Then I thought again. 

I was struck by the imagery, from her book, of sushi being served from the torso of a vivisected woman, who blushes. We're handing out our stories like so many ice-bathed kidneys, and I already plan to put plenty of my life on the rotating sushi bar of this new internet.

So I'll keep that one to myself. 

But thank the book, for a healthy little stroll down memory lane. 


This is happening

Why, hello!

I'm Neils.

Over the last three or so years, I have been quietly writing a second book. It's about videogames: weird adventures inside, and little conversations about what those taught me. I'm calling it In Play: Tales of the Gaming Netherworld. 

I sort of wish that I could just write blogs, and articles, and sell those like a normal games journalist. That's hard for me. Like, my brain literally doesn't function that way. I need to see the whole system. Writing one part of this book fundamentally changed other parts, for instance taking a few months to study oppression, or having studied compulsive gaming for the last decade.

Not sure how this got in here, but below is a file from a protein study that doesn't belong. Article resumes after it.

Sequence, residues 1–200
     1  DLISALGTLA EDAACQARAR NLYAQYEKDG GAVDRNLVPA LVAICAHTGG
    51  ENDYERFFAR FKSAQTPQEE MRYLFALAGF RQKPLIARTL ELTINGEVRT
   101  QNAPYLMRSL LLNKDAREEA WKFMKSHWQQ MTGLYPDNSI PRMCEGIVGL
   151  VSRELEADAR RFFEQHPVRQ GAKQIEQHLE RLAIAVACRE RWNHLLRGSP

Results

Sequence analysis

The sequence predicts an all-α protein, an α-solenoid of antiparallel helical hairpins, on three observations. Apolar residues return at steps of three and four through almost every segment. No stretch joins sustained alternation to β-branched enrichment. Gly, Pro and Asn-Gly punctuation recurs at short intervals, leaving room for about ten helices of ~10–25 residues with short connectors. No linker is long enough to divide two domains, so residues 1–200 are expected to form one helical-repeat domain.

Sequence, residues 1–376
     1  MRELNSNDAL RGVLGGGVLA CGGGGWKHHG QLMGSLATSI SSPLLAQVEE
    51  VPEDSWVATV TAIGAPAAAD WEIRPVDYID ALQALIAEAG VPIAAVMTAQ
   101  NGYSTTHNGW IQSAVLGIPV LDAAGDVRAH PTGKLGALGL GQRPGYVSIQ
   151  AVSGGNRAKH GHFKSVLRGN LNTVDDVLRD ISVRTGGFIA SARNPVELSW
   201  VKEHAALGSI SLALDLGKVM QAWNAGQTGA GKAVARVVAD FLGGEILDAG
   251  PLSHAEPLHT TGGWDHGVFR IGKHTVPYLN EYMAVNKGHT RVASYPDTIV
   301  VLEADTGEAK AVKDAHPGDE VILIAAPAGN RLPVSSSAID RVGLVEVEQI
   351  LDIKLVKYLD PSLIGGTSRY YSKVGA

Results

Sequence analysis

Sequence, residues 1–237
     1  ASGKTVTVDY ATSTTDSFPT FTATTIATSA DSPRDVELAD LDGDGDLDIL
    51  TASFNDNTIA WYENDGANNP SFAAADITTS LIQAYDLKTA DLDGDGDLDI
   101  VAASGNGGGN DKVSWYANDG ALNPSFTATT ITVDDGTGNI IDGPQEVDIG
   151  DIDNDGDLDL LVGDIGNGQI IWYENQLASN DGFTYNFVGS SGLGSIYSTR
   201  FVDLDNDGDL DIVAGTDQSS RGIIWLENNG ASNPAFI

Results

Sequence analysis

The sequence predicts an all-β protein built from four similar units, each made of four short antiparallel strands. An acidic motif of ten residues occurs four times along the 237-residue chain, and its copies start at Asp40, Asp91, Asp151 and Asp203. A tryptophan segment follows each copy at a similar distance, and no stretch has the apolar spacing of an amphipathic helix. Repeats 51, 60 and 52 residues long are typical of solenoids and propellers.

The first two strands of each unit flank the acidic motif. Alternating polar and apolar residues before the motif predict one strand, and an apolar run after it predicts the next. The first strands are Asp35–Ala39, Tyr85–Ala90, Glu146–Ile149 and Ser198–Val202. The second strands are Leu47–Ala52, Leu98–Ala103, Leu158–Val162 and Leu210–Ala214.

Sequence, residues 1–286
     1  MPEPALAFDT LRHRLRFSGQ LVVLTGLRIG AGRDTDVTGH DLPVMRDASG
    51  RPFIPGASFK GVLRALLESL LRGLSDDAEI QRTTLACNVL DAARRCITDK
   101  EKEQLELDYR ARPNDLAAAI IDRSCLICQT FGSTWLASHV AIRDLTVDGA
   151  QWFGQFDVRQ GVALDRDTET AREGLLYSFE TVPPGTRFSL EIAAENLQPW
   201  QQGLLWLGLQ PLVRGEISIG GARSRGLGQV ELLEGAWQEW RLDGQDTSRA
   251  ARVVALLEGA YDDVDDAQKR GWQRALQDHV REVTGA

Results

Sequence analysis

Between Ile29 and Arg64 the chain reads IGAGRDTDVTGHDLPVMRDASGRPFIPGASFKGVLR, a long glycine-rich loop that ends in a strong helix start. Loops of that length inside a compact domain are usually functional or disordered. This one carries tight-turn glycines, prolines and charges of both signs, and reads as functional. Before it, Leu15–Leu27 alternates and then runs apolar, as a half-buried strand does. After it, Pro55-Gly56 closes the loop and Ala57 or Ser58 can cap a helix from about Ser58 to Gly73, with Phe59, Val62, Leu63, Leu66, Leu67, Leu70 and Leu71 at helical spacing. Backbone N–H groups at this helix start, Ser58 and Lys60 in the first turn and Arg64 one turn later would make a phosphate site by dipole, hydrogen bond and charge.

This ultimately became a sort of letter, to my younger self. Things I wish I'd known, and stories that I hope will resonate and entertain.

I've had an interesting time trying to sell it. While I'd love to find an agent, for The Future, right now my plan is to release most of it on my blog over the coming months. This also lets me offer a print version, maybe with a few exclusive choice bits, for the price of inexpensive (something Game Addiction's publisher would never even dialogue about). But for whatever reason, I'm really excited about putting most of it up for free, at least for a good while.

I'm also semi-tempted to - at some point soon - make a pdf available for a few hours. Mostly for the friends who've snuck me into expensive conferences, given me places to stay, and generally make this book worth writing.